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I have a large data set

 [1] 422096    162

where dt is a data.table with a key of tic. I am trying to make a measure for each group of how many missing entries I have. The groups are time series, and dt contains a date column, which is an R date, and a book_lev column, my variable of interest.

This is my code so far:

dt <- dt[sumdt]
sumdt <- dt[ ,list(min.date=min(date), max.date=max(date)), by="tic"]

sublengths <- dt[,list(tslen=length(date)),by=tic, mult="last"]
bt2 <- dt[sublengths, mult="first"]
bt2[, max.year:=extractyear(max.date)]
bt2[, min.year:=extractyear(min.date)]
bt2[, data.fullness:=tslen/(max.year - min.year + 1)]

dt <- dt[bt2]

My idea was that I create this data.fullness value which should equal 1 if there are no holes in the time series. I realize that I may have some NA's in my book_lev column, so I would like to further restrict. Also, in general I am new to data.tables and I would like to see if there are better ways to write what I have just written.

A small sample of the data, which you can load using R's load command, is available here: http://econsteve.com/r/dt_sample.Robj

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Could you post a subset of your data (e.g. containing a half a dozen rows from a couple of years, and maybe 4 or 5 columns)? You'll get a better answer that way, and save us some mental energy. Also, I don't see the bl2 column referenced in your code. Should it be? –  Josh O'Brien Dec 14 '11 at 0:06
@Josh A subset of the data is in the following R object. econsteve.com/r/dt_sample.Robj –  stevejb Dec 14 '11 at 3:10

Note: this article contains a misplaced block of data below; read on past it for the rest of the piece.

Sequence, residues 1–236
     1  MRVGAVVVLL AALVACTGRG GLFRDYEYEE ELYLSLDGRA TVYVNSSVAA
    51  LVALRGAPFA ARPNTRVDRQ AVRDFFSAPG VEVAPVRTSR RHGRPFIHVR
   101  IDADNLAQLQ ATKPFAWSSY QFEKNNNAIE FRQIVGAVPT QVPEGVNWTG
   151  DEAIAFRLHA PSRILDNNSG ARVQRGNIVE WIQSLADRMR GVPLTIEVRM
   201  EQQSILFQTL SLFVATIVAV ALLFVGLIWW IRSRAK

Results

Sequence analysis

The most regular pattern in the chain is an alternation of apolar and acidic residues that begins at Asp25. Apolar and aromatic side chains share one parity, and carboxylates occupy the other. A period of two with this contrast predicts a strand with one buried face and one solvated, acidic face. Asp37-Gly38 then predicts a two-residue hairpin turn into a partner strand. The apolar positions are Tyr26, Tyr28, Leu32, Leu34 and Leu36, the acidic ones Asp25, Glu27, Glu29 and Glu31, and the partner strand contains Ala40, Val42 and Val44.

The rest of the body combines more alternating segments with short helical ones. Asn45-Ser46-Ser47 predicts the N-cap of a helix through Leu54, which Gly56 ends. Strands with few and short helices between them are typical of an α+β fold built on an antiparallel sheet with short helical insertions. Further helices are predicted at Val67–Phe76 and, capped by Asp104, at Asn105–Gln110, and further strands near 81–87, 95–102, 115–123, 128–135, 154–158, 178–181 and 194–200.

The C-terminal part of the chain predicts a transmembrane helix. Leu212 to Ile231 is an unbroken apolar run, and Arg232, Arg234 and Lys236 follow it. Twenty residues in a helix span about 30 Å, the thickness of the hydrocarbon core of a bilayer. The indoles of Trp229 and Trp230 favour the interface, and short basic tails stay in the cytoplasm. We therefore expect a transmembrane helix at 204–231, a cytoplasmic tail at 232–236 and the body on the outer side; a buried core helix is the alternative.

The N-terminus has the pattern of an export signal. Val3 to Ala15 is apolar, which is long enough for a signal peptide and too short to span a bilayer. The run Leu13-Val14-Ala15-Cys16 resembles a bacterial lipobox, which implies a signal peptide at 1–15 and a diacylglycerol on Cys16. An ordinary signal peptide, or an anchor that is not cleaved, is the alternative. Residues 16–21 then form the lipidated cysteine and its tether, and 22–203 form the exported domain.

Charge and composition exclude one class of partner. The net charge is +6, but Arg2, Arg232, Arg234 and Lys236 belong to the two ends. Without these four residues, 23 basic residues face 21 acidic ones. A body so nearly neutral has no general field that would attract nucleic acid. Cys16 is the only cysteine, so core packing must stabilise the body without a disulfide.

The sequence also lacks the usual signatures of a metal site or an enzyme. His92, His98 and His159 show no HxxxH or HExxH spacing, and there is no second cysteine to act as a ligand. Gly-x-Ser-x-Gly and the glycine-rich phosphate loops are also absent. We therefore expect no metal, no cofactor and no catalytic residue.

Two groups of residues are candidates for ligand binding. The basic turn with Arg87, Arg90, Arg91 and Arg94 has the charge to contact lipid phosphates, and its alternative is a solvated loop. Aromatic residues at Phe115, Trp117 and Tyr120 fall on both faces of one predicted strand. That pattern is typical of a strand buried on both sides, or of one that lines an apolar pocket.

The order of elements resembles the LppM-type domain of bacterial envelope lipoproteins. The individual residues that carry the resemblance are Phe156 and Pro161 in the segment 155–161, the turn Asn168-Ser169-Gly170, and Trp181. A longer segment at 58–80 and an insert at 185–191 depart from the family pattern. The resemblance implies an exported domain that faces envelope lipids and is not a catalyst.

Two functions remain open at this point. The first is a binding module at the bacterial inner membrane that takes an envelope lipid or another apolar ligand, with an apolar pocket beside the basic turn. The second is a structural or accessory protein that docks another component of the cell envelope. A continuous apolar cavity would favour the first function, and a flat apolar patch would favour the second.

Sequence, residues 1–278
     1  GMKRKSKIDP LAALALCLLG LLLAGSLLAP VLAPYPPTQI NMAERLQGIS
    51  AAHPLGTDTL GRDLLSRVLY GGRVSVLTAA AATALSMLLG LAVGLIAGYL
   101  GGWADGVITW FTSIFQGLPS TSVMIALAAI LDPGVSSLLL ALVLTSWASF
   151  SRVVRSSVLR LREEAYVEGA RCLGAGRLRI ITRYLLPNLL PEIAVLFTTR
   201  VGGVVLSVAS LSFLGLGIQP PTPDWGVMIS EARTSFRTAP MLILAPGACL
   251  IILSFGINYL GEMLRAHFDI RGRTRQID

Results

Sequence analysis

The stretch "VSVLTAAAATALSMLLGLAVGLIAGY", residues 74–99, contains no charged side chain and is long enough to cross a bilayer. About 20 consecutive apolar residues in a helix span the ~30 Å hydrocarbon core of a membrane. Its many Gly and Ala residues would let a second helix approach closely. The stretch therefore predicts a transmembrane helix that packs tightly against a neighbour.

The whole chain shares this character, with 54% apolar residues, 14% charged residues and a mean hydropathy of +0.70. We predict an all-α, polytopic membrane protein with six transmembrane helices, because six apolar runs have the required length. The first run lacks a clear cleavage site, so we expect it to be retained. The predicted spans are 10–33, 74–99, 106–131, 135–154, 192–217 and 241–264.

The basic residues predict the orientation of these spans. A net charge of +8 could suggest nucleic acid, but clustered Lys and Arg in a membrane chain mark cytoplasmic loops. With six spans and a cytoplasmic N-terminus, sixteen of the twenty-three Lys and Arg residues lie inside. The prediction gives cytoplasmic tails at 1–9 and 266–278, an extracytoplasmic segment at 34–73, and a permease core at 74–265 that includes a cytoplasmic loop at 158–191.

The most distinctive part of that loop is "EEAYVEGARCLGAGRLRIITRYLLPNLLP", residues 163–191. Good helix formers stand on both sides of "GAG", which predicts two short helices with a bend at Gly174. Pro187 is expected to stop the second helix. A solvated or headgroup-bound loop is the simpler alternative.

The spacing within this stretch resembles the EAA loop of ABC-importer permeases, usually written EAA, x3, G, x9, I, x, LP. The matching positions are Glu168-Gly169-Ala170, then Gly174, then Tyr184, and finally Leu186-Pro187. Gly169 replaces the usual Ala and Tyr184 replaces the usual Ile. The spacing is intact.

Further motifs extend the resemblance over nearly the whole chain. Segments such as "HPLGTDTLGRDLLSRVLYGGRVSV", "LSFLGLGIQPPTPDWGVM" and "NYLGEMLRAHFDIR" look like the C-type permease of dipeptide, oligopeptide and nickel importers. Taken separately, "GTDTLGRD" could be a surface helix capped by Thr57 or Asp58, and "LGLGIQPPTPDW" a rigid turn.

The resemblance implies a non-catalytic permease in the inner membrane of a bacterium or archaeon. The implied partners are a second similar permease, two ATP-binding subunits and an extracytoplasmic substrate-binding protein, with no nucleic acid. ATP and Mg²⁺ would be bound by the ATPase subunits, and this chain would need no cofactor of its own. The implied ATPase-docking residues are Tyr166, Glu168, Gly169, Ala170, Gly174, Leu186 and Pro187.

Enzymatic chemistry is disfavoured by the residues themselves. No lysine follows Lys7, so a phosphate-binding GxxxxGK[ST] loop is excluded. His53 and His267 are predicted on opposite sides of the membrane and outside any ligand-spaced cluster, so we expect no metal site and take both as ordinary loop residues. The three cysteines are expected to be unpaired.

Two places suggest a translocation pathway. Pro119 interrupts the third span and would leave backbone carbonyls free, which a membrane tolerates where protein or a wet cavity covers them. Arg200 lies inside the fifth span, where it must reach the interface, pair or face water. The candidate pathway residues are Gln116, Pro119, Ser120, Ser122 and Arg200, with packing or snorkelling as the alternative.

@JoshO'Brien I did not reference the bl2 column. It should actually be book_lev. I am making the edit in the original post. Thanks so much for the help. –  stevejb Dec 14 '11 at 3:11
Only time for a quick hint ... create your time series vector from first to last date, say daily, called ts then something like dt[CJ(unique(tic),ts), sum(is.na(book_lev)), by=tic]. See ?CJ. Then maybe add roll=TRUE to join to the prevailing observation. –  Matt Dowle Dec 14 '11 at 10:36
@stevejb -- First, thanks for adding a link to the data. If you change its suffix from .Robj to .Rdata, most GUI-using folks will be able to open it by simply double-clicking on the downloaded object. Second, do let me know if I'm missing some impt. piece of your question in my answer below. –  Josh O'Brien Dec 16 '11 at 2:52

2 Answers 2

up vote 1 down vote accepted

(First, a caveat. I'm not sure I correctly understood what you want your data.fullness variable to summarize. Based on the dataset you've linked to, I'm taking it to be the proportion of years with some data, in the interval from the first measured year to the last measured year.)

Here is the approach I'd take to the problem as I do understand it:


extractYear <- function(X) {
    as.numeric(format(as.Date(X, format="%m/%d/%Y"), "%Y"))

calcFullness <- function(YRS) {


key(dt) <- "tic"
dt[, year:=extractYear(datadate)]

# Extract summaries for each level of tic
ticSumm <- 
    dt[, list(min.year = min(year),
              max.year = max(year),
              data.fullness = calcFullness(year)), by=tic]
#       tic min.year max.year data.fullness
# [1,] AMZN     1995     2010             1
# [2,]   GM     1950     2010             1
# [3,]  XOM     1950     2010             1

# Merge summary back into dt
dt <- dt[ticSumm]
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thank you for the answer. I am trying this now. I think you got it. Thanks so much for answering the question. If it works I'll accept and you get the points bounty. –  stevejb Dec 18 '11 at 4:48

If you have a rectangular data frame and would like to restrict to complete observations, you can create a vector of booleans indicating fully observed rows of data with the complete.cases function. This is assuming you have cleaned data and consistent formatting of missing values using R's NA.

This boolean vector can be used to subset the value directly, or using the subset function.

It's not clear to me from your problem description or sample code how the dt object is formatted, but you may need to use some combination of loops to successfully get 2 dimensional slices of your data where complete.cases can be applied.

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I think that very few of my observations are truly "complete". I would like to select the ones that are a given percentage complete. Thanks anyway. –  stevejb Dec 13 '11 at 23:57

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